140 Front suspension lower control arm bushes

Mark_Walton56JB @Mark_Walton56 Springwood Blue Mountains

Hi there the Ovlov Brains Trust!

i’ve taken Harry, my 1973 144 GL, front suspension apart, and a good thing Izvestia gotta say, mostly it was ok but while completely out of the car Im replacing the worn bits, primarily the bushes etc.

courtesy of George M I have new bushes but WHY are the factory rubber ones offset? And which way do they go in? There is a small green dot on the outside of the replacement bushes and I guess that goes ‘up’ when putting them back in but there is not that much in the manual to guide me in this.

I also have Nolathane aftermarket bushes but they are NOT offset, just wondering?

will most likely go with the rubber but just need to know how they go in?

thanks, and hope none of you are too badly impacted by the fires!

Comments

  • We're talking lower control arm bushes, yeah?

    Have you got photos of the replacement bushes?

    Mother Volvo originally supplied two different types of LCA bush - one type for crossply tyres, the others for radials.

    Do you have a 140 Green Book? If not, I believe there's a 1974 140 Green Book in the Members' Tech Article Archive. The Green Book shows (in Figure 6-15, page 6.9) how the bushes fit into the LCA, and page 6:17 shows the installation instructions.

    I've not used rubber bushes, so I can't tell you what the green dot is all about. The offset is explained, sort of, in Figure 6-38 of the Green Book.

    The Nolathane bushes are very solid and have very little compliance, so they'e not offset.

    Mark_Walton56
  • The solid bushes were the same as the 120 up until the mid year model change in 1970. These were for cross ply or 'rag' tyres. The offsets were for radial tyres to change the amount of negative camber. To be honest, the cutout bushes were weak as piss (but not as weak as the rear 240 LCA bush) and would fall apart if you hit something hard enough or drove on enough rough roads. The earlier bush is far superior to the later one IMHO. The Nolathane will add more positive camber, which is a good thing for handling but may well wear out faster and not dampen road feedback as much.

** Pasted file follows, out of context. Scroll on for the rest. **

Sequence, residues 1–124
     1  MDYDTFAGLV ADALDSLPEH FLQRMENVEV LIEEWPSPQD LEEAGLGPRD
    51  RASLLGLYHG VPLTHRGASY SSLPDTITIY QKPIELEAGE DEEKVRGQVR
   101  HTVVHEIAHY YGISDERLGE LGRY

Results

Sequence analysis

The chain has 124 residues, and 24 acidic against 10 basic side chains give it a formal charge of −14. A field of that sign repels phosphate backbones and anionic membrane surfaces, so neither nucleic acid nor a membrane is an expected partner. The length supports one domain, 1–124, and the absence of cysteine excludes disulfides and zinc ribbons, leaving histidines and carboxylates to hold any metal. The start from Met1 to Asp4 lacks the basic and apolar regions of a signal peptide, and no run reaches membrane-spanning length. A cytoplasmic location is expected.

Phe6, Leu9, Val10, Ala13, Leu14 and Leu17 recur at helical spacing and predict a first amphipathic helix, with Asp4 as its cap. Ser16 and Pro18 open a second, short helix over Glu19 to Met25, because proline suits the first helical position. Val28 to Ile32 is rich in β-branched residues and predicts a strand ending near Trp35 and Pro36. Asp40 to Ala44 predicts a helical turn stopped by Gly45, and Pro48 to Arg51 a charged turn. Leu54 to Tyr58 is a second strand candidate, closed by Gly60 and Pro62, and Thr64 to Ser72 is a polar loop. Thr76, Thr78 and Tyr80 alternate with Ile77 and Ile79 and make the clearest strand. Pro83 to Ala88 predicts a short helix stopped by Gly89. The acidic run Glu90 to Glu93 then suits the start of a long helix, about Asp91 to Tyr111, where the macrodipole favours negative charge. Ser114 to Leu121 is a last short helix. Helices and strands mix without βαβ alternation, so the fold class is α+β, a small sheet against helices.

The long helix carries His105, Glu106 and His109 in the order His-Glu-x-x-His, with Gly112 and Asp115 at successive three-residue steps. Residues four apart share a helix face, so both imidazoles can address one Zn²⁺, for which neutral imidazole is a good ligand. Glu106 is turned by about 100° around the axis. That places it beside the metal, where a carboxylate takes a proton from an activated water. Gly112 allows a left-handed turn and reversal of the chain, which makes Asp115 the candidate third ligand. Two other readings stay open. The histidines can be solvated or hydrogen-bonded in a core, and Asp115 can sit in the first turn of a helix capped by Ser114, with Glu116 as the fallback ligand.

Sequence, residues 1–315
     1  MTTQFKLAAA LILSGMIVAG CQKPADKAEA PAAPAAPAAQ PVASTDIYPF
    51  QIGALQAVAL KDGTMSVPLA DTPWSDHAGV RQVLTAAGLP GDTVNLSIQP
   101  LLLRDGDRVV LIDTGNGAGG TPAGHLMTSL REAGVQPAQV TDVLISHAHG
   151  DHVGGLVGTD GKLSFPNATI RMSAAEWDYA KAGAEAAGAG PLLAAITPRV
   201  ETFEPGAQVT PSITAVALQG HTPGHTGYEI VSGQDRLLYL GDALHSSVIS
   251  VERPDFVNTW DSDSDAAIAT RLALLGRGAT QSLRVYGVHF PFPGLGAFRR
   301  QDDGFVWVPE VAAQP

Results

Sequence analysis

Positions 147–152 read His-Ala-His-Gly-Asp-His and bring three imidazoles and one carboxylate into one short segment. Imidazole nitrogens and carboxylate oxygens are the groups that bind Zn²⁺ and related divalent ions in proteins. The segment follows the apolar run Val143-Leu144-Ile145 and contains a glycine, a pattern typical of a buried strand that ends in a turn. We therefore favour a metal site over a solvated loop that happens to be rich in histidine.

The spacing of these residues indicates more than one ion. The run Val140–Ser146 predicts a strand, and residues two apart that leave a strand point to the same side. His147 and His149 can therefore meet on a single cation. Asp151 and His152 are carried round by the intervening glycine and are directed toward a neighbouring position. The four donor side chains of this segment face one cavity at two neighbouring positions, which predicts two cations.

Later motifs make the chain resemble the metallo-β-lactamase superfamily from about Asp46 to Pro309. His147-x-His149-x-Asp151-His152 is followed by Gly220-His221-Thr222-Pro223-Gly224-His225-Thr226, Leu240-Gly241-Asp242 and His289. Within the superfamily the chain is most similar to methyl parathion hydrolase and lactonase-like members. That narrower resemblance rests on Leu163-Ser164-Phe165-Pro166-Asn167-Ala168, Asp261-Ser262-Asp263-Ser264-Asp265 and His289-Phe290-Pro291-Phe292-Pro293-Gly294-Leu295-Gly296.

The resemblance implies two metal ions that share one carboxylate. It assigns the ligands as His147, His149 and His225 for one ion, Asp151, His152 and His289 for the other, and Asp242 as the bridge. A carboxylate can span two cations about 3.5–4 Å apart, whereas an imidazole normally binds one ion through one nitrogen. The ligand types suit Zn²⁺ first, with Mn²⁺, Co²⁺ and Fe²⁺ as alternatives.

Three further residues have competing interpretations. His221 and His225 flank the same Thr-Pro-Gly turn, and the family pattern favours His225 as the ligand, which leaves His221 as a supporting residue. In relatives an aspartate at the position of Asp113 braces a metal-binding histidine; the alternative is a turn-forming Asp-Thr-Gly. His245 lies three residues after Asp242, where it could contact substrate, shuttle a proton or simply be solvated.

Mark_Walton56
  • Adding positive camber is never good for handling. Positive caster is, though.

    Mark_Walton56Spac
  • Maybe I'm getting my camber angles mixed up. The cutout bushes lay the wheel out at the top. The solid bushes should give better handling.

    bgpzfm142Mark_Walton56
  • Thanks to Ozzy Tyres.

    On my old 144, I had about 2 deg neg camber and about 4 degrees positive castor. Back in the day (late 1980s - early 90s), with a 24mm Selby front sway bar, it was awesome in corners.

    Mark_Walton56
  • edited January 8

    FWIW all vehicles today with radial tyres have negative camber to aide in turn-in and handling.

    Mark_Walton56
  • Mark_Walton56JB @Mark_Walton56 Springwood Blue Mountains

    Hi there out in old VOLVO land,

    seems my lower control arm has been bent a bit too much to allow correct fitting of my new bushes, must have been when I was rallying in the late 70s 😱 so I’m looking for the left passenger side front lower control arm for a 1973 Volvo 144, any out there? The bent one is the one with the upright still connected.......🤔🤔🤔


  • @iceton1975 ? @1971_144GL ?

    The only place near Sydney which I believe may have any 140 lower wishbones is Northern Wreckers, at 557 The Northern Rd, Londonderry. (02) 4777 4205

    Last time I was there (a looong time ago) they had a 144 out there. Problem is they're only open Monday to Friday, not weekends.

  • 1971_144GL1971_144GL @1971_144GL Launceston, Tasmania

    I have a few sets in Melbourne. Not sure when I will be there next.

    bgpzfm142
  • How bad is the arm bent that it won’t allow the bush to fit? I can understand it bent so that the pivot bolt would be jammed in, but not that you couldn’t get a bush in.

    re poly vs rubber bushes, everyone has their own view on the merits of either, but when I was getting shocks made, Murray Coote wouldn’t make the shocks unless I used rubber bushes.

    I’ve done a couple of very long rallies plus a few week-long ones on rubber bushes and the only bushes we’ve ever had problems with have been the rear LTA bushes. We’d chew them out in a week. Changing the shock mounts from rose joints to ex-Hilux rubber mounted ones seems to have cured that problem.

Sign In or Register to comment.